NASA conformal coating
Posted by Sean Horn
Wednesday, August 22, 2012 3:26
@ 3:26 PM
NASA-STD 8739.1 is the Workmanship Standard for Polymeric Application on Electronic Assemblies, which describes NASA’s technical requirements, procedures, and documenting requirements for staking, conformal coating, bonding, and encapsulation of printed wiring boards and electronic assemblies. Included are requirements which establish the responsibility for documenting, fabrication, and inspection procedures to be used for NASA work including supplier innovations, special processes, and changes in technology. NASA-STD 8739.1 was initially released in August of 1999, with improvements and minor changes to the standard in recent years. The current up-to-date revision is NASA-STD 8739.1A with Change 2.
NASA-STD 8739.1A with Change 2 is important because it defines the processes and quality requirements needed for mission hardware and mission-critical ground support equipment. There is a certification needed for both operators and inspectors of electronic assemblies which will be used by NASA. I personally attended a five day training course and after two years, a two day retraining course at the Goddard Space Flight Center in Greenbelt, Maryland in which I was issued a diploma that certified me as a Level B instructor which allows me to train operators and inspectors employed at Diamond-MT and any sub-tier contractors of DMT.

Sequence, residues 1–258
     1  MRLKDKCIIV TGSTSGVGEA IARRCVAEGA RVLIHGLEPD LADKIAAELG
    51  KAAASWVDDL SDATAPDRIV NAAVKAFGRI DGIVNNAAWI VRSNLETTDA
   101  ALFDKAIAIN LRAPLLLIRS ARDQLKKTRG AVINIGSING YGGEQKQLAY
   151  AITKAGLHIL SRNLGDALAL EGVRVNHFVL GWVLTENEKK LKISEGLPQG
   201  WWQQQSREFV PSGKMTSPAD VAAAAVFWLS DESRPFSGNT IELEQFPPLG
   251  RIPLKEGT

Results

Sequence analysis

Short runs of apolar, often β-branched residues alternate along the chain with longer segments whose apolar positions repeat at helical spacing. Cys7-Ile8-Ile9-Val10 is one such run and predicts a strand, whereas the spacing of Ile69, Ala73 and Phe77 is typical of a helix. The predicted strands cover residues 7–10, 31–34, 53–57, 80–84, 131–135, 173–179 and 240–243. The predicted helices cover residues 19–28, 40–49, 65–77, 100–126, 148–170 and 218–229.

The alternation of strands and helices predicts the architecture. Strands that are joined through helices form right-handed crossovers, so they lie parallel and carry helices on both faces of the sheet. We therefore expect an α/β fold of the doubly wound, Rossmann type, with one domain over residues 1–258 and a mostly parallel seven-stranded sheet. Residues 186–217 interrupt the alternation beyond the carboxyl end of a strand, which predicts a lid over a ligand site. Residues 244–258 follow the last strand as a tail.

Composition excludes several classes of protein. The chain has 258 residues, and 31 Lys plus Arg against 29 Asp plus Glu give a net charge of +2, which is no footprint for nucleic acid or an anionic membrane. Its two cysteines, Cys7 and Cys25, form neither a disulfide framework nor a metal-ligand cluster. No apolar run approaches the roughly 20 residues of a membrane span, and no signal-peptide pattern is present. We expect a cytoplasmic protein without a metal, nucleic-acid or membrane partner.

NASA-STD 8739.1A with Change 2 is very similar to IPC J-STD-001 when it pertains to the application and inspection of conformal coating. Coating thickness tolerances and what is acceptable in regards to bubbles and scratches in the coating are nearly identical to IPC J-STD-001 with the exception that the NASA standard places strong emphasis on prerequisite vision testing which covers near vision, far vision, and a color test and on not negating the stress relief built into components. i.e.: no coating bubbles or foreign debris is allowed to bridge between the underside of a component or its leads and the circuit card surface.
This was a guest post by James Seeley, Diamond-MT‘s lead liquid Quality Assurance Inspector.